This year we will also pick a little olive crop and our first grapes and some blueberries too and black boy peaches and more strawberries and figs galore.

    Everything is good at the Fuddy Farm.

    where we are at

    To begin the process of change we do need to establish what we have and where and how it fits with the Permaculture strategy.

    We have 2 flat areas of garden with a bit of a slope between which was created by the previous owners of the property.

    The garden is fully fenced and the fence cover is windbreak cloth. It is about 2 metres high and is rabbit and chicken proof.

    Our chickens free range over the rest of the land except for two young ones aged about 11 weeks and they are contained in a fenced off area within the garden.

    Best Beloved has built 8 raised beds (about 30cm high).

    We also have 2 areas not raised but also in garden.

    Our worm farm is in a full sized bath with a door as the cover which hinged from the fence.

    We have 2 pallet compost bins, 2 other plastic bins, a 3 tier plastic compost bin and a tumble compost bin.

    Inside the garden we have 2 peach trees, 1 almond, 5 blueberries, cape gooseberries, 2 passionfruit vines, 1 grape vine, strawberries, an elderberry and 3 guavas and a kaffir lime tree.

    and lots of vegetables.

    The next step is to work out on paper what to do now.

    Maybe you have some ideas and of course I shall take photographs so it makes more sense

    we know not what we do

    In our garden we have been meandering along adding as need be, but recently I have been trying to work out the logic or the logistics of maintaining our garden into my 8th decade. I have about 18 months to go before I rush headlong into that 8th decade. Best Beloved is there already.

    I have been reviewing what we have done and how we can move forward with less physical labour but still harvest fruit and vegetables all year round.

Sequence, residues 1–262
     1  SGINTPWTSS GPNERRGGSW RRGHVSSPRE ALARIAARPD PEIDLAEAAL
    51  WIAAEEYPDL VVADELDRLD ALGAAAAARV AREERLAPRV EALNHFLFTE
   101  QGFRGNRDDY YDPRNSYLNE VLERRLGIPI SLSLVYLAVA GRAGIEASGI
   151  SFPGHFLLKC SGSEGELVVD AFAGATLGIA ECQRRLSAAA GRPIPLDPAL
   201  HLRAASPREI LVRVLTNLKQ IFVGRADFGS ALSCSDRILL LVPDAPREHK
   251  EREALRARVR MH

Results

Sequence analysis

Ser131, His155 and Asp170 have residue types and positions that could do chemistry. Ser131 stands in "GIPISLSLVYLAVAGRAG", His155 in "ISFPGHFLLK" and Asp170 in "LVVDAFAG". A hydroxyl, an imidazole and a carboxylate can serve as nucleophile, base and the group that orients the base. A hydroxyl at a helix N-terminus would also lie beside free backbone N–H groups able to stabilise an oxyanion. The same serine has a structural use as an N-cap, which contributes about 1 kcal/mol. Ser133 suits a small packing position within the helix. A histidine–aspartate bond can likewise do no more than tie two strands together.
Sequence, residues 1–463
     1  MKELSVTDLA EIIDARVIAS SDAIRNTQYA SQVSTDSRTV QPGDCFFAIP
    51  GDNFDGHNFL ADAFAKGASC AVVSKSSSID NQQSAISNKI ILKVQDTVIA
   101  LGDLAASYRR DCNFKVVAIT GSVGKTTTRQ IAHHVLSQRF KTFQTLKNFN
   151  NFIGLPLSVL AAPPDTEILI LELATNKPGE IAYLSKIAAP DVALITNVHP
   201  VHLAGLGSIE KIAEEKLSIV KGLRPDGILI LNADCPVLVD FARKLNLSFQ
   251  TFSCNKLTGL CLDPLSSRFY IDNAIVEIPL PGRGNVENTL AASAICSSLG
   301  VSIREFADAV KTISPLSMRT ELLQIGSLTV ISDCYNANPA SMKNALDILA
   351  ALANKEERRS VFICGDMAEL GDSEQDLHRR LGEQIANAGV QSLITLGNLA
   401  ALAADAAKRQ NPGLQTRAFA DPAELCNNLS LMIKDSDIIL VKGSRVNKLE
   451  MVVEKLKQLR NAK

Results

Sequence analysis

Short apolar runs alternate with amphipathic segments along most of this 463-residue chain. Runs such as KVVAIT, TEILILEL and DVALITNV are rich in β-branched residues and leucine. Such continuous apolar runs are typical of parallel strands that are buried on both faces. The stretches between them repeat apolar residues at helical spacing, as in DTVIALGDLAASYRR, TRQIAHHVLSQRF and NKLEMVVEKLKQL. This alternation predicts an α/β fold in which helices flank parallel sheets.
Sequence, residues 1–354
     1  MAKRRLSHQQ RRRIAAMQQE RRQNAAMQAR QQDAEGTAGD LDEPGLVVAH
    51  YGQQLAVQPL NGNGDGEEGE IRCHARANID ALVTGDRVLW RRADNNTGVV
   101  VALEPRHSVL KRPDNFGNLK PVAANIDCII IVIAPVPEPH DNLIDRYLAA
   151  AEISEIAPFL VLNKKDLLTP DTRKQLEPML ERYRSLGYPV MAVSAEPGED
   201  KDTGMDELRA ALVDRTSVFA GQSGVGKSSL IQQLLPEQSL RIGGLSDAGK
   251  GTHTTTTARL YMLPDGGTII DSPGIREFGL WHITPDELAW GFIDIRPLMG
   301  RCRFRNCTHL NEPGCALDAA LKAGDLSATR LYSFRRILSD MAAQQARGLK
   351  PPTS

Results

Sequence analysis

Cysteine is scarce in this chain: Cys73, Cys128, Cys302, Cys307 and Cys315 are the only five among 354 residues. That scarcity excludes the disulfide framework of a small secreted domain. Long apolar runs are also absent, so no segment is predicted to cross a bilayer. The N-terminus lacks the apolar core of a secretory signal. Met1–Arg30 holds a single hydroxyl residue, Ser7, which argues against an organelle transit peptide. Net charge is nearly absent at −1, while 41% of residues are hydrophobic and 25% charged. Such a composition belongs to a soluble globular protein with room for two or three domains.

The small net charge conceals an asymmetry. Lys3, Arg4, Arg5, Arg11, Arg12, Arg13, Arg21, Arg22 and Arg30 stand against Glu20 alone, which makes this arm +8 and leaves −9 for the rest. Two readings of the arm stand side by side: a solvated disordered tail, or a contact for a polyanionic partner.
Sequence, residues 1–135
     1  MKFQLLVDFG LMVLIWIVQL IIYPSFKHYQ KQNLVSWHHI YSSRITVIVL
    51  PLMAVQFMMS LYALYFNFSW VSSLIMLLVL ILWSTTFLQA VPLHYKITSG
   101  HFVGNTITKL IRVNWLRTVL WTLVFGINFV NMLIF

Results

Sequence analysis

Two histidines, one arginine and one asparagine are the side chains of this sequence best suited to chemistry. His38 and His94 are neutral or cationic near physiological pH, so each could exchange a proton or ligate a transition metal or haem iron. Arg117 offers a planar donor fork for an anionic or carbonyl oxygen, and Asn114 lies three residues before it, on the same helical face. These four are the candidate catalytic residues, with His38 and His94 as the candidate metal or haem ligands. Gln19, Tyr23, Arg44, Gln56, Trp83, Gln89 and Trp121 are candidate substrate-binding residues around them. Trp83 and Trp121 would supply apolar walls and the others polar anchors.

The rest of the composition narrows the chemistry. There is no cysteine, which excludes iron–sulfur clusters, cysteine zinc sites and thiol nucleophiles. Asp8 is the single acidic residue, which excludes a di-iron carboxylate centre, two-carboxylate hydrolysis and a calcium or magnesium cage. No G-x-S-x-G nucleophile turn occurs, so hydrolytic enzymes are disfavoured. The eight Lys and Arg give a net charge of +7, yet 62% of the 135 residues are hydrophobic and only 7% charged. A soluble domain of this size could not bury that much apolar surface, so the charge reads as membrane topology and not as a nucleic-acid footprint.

You would think that two people who have been gardening together for more than 47 years would now know something about gardening and I assure you we do.


    We want to continue reaping the benefits of our garden but we do not want to continue working quite as hard at achieving it.

    I was lucky enough to find a book on the bookshelf of a friend a few weeks ago and I have now borrowed it, maybe indefinitely. The book is “The Permaculture Home Garden” by Linda Woodrow. The subtitle is “How to grow great-tasting fruit and vegetables the organic way – free of pesticides and chemicals”.

    I have not put the book down since it arrived at our house.

    My intention now is to convert what we have established into a thriving, easily manageable permaculture system designed to be sustainable and still easy for two oldies.

    I hope you come along for the ride.

    Best Beloved seems keen.

    42 mm rain already in 2016

    Summer is here in Miranda and we have enjoyed the first seasonal El Niño weather event which has delivered 42 mm rain since the New Year began. I checked the rain gauge on Saturday morning the 2nd January and I was delighted with the reading.

    I know that in the scheme of things 42 mm is not that much and there are many who have suffered greatly under this weather event with a great deal more rain and extreme winds.

    For us it means full water tanks and that I do not need to water our extensive garden and orchard for a few days which is fabulous. The wind has meant our potatoes and tomatoes have been seriously buffeted and that is annoying but the extra water is fantastic especially as it is predicted that we may have a drought over the summer.

    The rain is appreciated.

    Last day of October

    We are still very busy with our garden – trying to recover it after a cold and very wet winter. We have planted many many trees, including 41 feijoa trees during our time here in Miranda and my main task of these last few weeks has been to relocate the smaller ones in the long grass – weeding, clearing the grass and weeds close to them, applying worm tea and mulching with well composted horse manure and in doing so have been helping the wee trees to reach for the sun.

    My Best Beloved is laying paving for a patio. It was begun with help of a dear friend and two young German travellers. We do have a very large deck on the north side of the house but it is far too hot to use in the summer time and we cannot manage to stretch to a covered area hence the the paving between the house and my Best Beloveds brew house. The patio is on the west side of the house and is an area more often sheltered from wind and sun for more of the day and will be lovely when done.

    We still need to complete some fencing, but need some more willing helpers as the sheep netting is too heavy for us oldies to shift to the paddock and install. We also need a new section of fencing – which needs posts installed as well. That will enclose an area for future ducks in an orchard area. Maybe we can organise a working bee to complete some of this big job.